I worked for an Advertising Agency CEO a number of years ago. A real wanker.
I’d have been about 35. He was in his 50s. He drove a Ferrari. I drove a Ford. He had been on the Worldwide Board of a multinational Agency group. I was Head of Planning in a Sydney Agency.
He was on his second marriage. With a second family. I still am in my first marriage (no intention of changing that, either).
You couldn’t find 2 more different people if you tried.
One day I remarked that he and I were in ‘the same market segment’. The horror was writ large across his face.
You see we both had young children. In a life-stage segmentation, we’d have been grouped together. On most criteria – we had nothing in common. In certain areas we were near-identical. We both purchased childcare, children’s clothes, schooling, baby food etc.
My memory of this was triggered by a gorgeous short (1 min.) video posted by Bruce Kasanoff.
Bruce claims to be a millennial.
Have a look:
If Bruce is a millennial, I’m Mother Theresa.
That said in jest, you’ll see that Bruce shares a lot in common with so-called millennials.
He makes a great point. You see, we’re doing an awful amount of ‘slicing and dicing’ these days.
Often because we can.
Not necessarily because it’s meaningful or productive.
We’re living such segmentation joy. Increased computing power and cheaper computing/software allow us to do this.
We can tell the finest differences between people.
That is only useful if we can adjust our business models and marketing to fit the subtle differences we’ve detected.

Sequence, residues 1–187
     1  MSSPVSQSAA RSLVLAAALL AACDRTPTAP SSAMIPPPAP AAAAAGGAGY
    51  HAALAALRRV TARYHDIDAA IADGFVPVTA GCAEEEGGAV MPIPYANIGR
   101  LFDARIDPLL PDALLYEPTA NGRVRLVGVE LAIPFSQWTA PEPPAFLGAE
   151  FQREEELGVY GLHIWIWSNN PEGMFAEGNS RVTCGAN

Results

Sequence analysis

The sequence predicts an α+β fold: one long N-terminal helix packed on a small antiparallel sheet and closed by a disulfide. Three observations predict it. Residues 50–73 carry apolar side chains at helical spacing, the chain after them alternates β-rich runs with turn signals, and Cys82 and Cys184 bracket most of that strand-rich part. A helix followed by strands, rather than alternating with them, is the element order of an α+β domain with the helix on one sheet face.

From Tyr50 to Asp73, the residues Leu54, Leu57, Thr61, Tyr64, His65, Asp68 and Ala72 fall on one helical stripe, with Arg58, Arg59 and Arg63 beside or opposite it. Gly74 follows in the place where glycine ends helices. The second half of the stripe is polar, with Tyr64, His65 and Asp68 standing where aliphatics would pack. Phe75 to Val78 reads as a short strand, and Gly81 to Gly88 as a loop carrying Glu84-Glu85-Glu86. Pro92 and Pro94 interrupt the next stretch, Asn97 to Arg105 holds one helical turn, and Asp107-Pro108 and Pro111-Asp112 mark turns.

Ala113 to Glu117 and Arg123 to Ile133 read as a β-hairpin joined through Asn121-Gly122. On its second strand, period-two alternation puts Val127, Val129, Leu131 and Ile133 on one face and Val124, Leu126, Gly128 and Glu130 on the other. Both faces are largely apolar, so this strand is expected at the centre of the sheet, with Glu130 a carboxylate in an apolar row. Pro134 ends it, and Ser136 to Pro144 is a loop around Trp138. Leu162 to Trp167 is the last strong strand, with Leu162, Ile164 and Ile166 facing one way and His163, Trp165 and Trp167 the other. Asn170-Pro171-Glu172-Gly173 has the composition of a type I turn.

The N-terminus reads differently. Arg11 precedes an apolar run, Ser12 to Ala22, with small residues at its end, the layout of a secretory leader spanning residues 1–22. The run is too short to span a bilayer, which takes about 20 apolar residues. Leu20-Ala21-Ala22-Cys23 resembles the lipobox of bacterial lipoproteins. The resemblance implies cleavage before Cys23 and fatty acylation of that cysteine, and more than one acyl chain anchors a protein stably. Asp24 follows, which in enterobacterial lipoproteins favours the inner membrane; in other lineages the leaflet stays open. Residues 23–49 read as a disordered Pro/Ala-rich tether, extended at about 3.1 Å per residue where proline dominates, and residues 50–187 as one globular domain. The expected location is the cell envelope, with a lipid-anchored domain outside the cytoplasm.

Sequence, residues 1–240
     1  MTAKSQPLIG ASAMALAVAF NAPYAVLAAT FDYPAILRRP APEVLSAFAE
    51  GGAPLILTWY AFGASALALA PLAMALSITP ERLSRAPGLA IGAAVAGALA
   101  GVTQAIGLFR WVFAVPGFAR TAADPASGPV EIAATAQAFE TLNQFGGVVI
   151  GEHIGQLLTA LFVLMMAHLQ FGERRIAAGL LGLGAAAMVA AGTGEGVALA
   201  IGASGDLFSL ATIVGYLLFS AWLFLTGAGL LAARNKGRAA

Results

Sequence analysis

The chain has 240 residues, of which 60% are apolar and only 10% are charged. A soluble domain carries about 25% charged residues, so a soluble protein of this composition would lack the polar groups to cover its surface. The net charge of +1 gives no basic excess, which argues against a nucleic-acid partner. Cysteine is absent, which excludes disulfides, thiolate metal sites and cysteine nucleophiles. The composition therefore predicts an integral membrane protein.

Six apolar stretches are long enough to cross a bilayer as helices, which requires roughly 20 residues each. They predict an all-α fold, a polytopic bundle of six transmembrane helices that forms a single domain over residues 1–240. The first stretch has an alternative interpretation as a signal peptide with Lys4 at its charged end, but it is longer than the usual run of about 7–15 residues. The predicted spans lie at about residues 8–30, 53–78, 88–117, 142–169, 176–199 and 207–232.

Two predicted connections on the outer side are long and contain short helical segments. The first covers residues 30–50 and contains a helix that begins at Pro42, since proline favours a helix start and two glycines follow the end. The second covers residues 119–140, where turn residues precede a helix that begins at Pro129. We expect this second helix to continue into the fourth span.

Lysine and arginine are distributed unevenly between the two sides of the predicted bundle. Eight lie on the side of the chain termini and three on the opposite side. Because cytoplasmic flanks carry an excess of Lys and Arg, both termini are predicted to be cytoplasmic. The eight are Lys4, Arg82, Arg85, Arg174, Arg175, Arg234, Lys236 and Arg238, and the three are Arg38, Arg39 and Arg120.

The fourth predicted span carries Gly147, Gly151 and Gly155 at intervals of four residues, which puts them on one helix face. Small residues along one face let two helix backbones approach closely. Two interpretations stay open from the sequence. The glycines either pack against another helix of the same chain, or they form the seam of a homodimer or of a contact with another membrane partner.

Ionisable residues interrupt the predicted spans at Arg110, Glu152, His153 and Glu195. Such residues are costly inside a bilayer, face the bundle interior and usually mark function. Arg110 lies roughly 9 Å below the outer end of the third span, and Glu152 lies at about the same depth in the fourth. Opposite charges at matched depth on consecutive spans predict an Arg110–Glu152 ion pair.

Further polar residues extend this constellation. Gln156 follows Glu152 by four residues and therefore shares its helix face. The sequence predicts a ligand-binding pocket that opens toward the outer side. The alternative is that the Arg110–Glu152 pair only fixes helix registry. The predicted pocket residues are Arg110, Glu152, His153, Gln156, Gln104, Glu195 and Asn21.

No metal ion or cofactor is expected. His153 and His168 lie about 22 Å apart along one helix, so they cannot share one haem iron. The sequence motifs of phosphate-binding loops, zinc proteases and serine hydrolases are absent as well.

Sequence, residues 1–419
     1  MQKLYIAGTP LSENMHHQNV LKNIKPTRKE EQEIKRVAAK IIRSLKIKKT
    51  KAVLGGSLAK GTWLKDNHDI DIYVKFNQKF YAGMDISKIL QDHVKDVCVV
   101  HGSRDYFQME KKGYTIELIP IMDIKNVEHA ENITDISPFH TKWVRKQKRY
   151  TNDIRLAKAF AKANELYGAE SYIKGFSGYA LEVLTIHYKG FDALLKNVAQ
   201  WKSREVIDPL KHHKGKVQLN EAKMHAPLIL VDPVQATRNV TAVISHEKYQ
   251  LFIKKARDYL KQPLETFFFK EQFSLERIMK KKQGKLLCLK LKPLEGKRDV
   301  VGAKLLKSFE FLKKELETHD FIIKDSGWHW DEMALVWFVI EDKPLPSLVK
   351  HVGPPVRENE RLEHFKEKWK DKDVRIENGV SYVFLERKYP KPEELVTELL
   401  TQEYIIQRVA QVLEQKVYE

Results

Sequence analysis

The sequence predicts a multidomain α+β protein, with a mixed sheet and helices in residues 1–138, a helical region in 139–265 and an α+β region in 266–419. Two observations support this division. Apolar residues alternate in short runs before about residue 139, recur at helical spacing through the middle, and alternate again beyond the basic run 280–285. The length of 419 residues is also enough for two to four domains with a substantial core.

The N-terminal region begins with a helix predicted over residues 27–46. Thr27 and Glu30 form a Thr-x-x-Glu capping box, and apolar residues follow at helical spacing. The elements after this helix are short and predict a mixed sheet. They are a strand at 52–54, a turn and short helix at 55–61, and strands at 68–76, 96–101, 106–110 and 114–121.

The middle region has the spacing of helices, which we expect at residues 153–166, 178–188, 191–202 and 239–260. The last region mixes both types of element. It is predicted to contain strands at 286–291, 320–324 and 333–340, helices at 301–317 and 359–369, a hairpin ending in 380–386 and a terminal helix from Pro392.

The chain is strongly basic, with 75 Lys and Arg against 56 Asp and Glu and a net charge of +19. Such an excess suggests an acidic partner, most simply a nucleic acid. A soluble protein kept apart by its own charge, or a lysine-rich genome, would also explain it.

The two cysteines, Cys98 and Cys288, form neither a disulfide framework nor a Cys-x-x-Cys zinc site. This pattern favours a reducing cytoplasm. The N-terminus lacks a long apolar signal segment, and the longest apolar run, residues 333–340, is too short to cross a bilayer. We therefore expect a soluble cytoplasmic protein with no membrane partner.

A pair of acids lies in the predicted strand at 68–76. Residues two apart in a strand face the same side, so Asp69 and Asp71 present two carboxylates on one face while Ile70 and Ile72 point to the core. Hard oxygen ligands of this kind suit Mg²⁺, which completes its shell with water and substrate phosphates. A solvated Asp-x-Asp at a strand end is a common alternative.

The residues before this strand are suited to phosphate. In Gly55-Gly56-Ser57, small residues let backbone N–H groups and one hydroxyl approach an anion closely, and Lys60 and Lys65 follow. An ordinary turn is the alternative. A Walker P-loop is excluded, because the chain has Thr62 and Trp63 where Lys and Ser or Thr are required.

Which – in the case, I’d suggest, of 95% of marketers – we can’t.
So we roll our fine slivers of segments back up into groups and offer trade-offs between precise need-satisfaction and marketing capability/convenience.
That’s not so bad. Until we pretend we’re satisfying their needs without any compromise…
So here’s a wild idea: how about we take a lesson from Bruce?
How about we stop hunting for, and marketing to, differences?
How about we start looking for what binds people together, rather than what separates them?
How about we build brands as beacons? Let their light attract people with common values and beliefs toward them – a bit like attracting moths to a flame?
You see, in many respects, tomorrow I will be a millennial, too.
The next day I’ll be more of a Boomer (lowest part of the range, I hasten to add).
The following day, a bit of both. Within minutes.
Let’s stop worshipping blindly at the altar of difference. Let’s pay much more attention to things people have in common.
And have the good sense to know when to follow separate or blended approaches.